Table of Contents Author Guidelines Submit a Manuscript
Case Reports in Urology
Volume 2015 (2015), Article ID 564082, 3 pages
http://dx.doi.org/10.1155/2015/564082
Case Report

Adenocarcinoma at Anastomotic Site of Ureterosigmoidostomy Potentially of Urothelial Origin Spreading to the Upper Urinary Tract

1Department of Urology, Graduate School of Medicine, The University of Tokyo, 7-3-1 Hongo, Bunkyo, Tokyo 1138655, Japan
2Department of Pathology, Graduate School of Medicine, The University of Tokyo, 7-3-1 Hongo, Bunkyo, Tokyo 1138655, Japan

Received 26 September 2015; Accepted 5 November 2015

Academic Editor: Christian Pavlovich

Copyright © 2015 Katsuhiro Makino et al. This is an open access article distributed under the Creative Commons Attribution License, which permits unrestricted use, distribution, and reproduction in any medium, provided the original work is properly cited.

Abstract

Ureterosigmoidostomy is associated with the risk of several late complications including cancer development at anastomotic sites. We present an unusual case with adenocarcinoma of the anastomotic site associated with multiple adenocarcinoma lesions in the upper urinary tract. A 69-year-old man complained of persistent melena and hematuria. He had undergone radical cystectomy for high-grade bladder cancer and ureterosigmoidostomy 30 years before. Colonoscopy showed a tumor at the right ureterocolonic anastomosis, which was endoscopically resected and histologically diagnosed as adenocarcinoma. Seven years later, a tumor of the left ureterocolonic anastomosis associated with hydronephrosis was found. He underwent temporal percutaneous nephrostomy followed by sigmoidectomy and left ureterocutaneostomy. Eighteen months after the operation, computed tomography (CT) detected left renal pelvic tumor with a mass along the former nephrostomy tract. Left nephroureterectomy and resection of the nephrostomy tract tumor revealed adenocarcinoma with multiple lesions of adenocarcinoma in the ureter. These tumors showed atypical immunohistochemistry as a colonic adenocarcinoma: positive for cytokeratin 7, negative for cytokeratin 20, and negative for β-catenin nuclear accumulation. Anastomotic site adenocarcinoma of the present case is potentially of urothelial origin because of unusual clinical manifestation and immunohistochemistry as a colon cancer.

1. Introduction

Ureterosigmoidostomy is associated with an increased risk of several late complications. Of particular, the incidence of colon adenocarcinoma is 100- to 550-fold higher compared to that of the general population [1]. Here, we report a case with anastomotic site adenocarcinoma which showed unusual clinical manifestation and immunohistochemistry.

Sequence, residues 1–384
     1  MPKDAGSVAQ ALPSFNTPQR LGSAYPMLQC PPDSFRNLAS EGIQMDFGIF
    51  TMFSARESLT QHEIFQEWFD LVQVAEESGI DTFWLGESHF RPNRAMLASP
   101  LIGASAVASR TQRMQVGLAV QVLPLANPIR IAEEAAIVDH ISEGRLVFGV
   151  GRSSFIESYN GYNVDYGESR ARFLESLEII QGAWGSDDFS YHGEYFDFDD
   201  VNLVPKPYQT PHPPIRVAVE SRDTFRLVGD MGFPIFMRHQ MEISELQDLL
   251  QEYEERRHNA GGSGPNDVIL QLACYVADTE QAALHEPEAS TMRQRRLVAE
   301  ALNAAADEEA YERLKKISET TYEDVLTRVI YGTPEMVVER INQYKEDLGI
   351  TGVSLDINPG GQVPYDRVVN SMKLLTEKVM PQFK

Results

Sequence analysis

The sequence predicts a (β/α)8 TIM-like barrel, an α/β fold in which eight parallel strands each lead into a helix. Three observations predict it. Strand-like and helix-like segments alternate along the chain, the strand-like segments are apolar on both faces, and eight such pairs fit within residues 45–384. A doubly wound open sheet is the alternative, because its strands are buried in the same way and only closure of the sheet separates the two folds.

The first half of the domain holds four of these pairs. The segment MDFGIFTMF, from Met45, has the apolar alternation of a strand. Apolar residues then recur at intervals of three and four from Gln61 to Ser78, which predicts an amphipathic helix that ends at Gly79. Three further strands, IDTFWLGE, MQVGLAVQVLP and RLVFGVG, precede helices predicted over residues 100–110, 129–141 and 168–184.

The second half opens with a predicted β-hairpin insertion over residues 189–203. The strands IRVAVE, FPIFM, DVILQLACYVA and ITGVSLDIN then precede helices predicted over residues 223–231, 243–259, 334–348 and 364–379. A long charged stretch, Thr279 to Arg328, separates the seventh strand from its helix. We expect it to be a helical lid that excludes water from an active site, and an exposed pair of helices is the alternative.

2. Case Report

A 69-year-old man visited our hospital because of persistent melena and hematuria. Thirty years before, he had undergone radical cystectomy with bilateral ureterosigmoidostomy for high-grade urothelial carcinoma of the urinary bladder. Colonoscopy showed a tumor at the site of the right ureter-colon anastomosis, which was managed by endoscopic mucosal resection and histologically confirmed as adenocarcinoma. He had no known genetic predisposition for colorectal and urothelial carcinoma.

Seven years later, follow-up colonoscopy detected a tumor of the left ureterocolonic anastomosis. Computed tomography (CT) demonstrated invasive colonic cancer and left hydronephrosis. He underwent temporal left percutaneous nephrostomy followed by sigmoidectomy and left ureterocutaneostomy. The tumor was located around the anastomotic site, and it was undetermined whether the tumor had originated from either the colon or the ureter (Figure 1).

Figure 1: Histology of the left anastomotic site. The tumor spread around the sigmoid colon and ureter, which made the origin of tumor undetermined.

Eighteen months after the operation, the patient complained of pain and induration in his left back. CT showed a 2 cm mass in the left renal pelvis and a soft tissue mass posterior to the kidney along the former nephrostomy tract without distant metastasis (Figure 2). We performed left nephroureterectomy and resection of the nephrostomy tract tumor with reconstructive latissimus dorsi musculocutaneous flap. Both the renal pelvic tumor and nephrostomy tract tumor were diagnosed as adenocarcinoma. The ureter was also involved by adenocarcinoma as multiple exophytic lesions as well as adenocarcinoma in situ. The tumors of both ureterocolonic anastomotic sites, the left renal pelvis, nephrostomy tract, and the left ureter were of indistinguishable histological appearance. All these tumors showed a similar immunophenotype: positive for cytokeratin 7, negative for cytokeratin 20, partially positive for CDX-2, positive for p53, and negative for β-catenin nuclear accumulation (Figure 3). Three months later, metastasis in lung, paraaortic nodes, and local recurrence were identified on CT. The patient died six months after the operation.